The SCO Group’s accusation of copyright infringement against enterprise Linux users is an indication of the open source operating system's maturity, a local user says.
Rob Herries, IT manager at Housing NZ, says it’s not the first operating system to feel some legal heat.
"When the Windows platform got a lot more mature, there were a lot of copyright issues too,” Herries says. “I’ve been expecting something like this for a while, because all mature products seem to go through this these days, rightly or wrongly.”
SCO, already immersed in a legal battle with IBM over contract rights to Linux, claims enterprise Linux users are infringing its Unix copyright. SCO says it will indemnify users who buy licences for SCO’s UnixWare product “for use in conjunction with any Linux product.”
CEO Darl McBride says recent Linux versions contain code for running on multiple processors that belongs to SCO.
“Enterprise use of any Linux distribution based on the 2.4 Linux kernel contains software code that was misappropriated from Unix,” he told a teleconference last week.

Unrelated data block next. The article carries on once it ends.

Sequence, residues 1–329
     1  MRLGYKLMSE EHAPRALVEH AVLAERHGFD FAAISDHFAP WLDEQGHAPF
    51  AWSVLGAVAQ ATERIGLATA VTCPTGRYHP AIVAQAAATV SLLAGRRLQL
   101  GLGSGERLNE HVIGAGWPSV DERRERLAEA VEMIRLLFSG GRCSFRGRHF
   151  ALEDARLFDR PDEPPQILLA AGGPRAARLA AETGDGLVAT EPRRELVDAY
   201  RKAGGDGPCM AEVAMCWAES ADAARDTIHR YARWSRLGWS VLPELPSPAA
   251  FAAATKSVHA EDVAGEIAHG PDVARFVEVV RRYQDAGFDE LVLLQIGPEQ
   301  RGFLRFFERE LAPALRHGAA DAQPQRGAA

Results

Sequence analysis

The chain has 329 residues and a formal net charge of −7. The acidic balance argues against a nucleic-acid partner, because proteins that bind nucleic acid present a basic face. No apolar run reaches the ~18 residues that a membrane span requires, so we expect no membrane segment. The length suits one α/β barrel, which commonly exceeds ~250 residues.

McBride blamed “IBM and others” for shipping Linux without warranting the intellectual property it contains, saying they had passed the “legal liability and associated costs” onto their customers.
“SCO is trying to find ways to help customers solve this problem, balanced against our own legal rights to stop infringing uses of Linux,” he said.
Asked how much a UnixWare licence would cost Linux sites, McBride said SCO would start talking with enterprise Linux users about pricing. “We’re going to get out with more detailed publication of that pricing model, but we can tell you that it’s benchmarked up from our UnixWare licensing structure that’s out there today,” he said.
Rob Herries, however, is dismissive of SCO’s claims. “It’s FUD.”